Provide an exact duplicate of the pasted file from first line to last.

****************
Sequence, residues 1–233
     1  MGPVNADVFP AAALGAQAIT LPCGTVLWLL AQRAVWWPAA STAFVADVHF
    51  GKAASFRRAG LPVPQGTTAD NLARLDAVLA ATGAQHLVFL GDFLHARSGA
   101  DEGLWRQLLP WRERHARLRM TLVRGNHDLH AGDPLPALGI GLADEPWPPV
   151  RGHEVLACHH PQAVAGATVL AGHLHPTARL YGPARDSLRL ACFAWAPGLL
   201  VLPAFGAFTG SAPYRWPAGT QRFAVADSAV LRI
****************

Sequence, residues 1–233
     1  MGPVNADVFP AAALGAQAIT LPCGTVLWLL AQRAVWWPAA STAFVADVHF
    51  GKAASFRRAG LPVPQGTTAD NLARLDAVLA ATGAQHLVFL GDFLHARSGA
   101  DEGLWRQLLP WRERHARLRM TLVRGNHDLH AGDPLPALGI GLADEPWPPV
   151  RGHEVLACHH PQAVAGATVL AGHLHPTARL YGPARDSLRL ACFAWAPGLL
   201  VLPAFGAFTG SAPYRWPAGT QRFAVADSAV LRI